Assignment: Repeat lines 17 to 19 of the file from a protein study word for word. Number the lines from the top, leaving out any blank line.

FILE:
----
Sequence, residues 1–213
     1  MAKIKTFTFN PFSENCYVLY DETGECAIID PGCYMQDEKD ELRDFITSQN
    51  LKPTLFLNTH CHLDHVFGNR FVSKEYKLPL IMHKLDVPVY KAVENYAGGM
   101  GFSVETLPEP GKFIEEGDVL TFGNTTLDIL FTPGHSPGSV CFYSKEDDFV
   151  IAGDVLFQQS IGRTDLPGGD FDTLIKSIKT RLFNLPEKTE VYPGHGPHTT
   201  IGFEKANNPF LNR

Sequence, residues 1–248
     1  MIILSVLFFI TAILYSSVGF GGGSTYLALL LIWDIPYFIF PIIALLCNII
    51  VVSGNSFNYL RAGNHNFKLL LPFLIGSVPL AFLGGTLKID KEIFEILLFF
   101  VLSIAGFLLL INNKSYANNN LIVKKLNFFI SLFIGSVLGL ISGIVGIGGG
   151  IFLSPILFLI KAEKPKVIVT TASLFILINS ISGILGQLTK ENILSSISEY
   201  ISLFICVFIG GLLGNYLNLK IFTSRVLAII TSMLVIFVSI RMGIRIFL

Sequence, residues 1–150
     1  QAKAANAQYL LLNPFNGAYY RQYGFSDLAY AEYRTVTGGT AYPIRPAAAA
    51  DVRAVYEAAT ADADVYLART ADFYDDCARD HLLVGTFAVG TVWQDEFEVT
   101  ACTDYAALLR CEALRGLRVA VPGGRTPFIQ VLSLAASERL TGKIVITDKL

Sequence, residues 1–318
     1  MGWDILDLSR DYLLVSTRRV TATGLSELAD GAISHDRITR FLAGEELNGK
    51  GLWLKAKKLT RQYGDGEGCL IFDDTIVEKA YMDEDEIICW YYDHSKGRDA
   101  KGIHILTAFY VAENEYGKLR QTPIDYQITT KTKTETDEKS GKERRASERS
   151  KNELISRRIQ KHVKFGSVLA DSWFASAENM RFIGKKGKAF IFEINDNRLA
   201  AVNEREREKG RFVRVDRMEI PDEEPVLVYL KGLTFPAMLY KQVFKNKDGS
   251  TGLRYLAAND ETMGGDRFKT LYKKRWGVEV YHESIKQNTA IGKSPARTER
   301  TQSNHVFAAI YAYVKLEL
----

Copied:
Sequence, residues 1–318
     1  MGWDILDLSR DYLLVSTRRV TATGLSELAD GAISHDRITR FLAGEELNGK
    51  GLWLKAKKLT RQYGDGEGCL IFDDTIVEKA YMDEDEIICW YYDHSKGRDA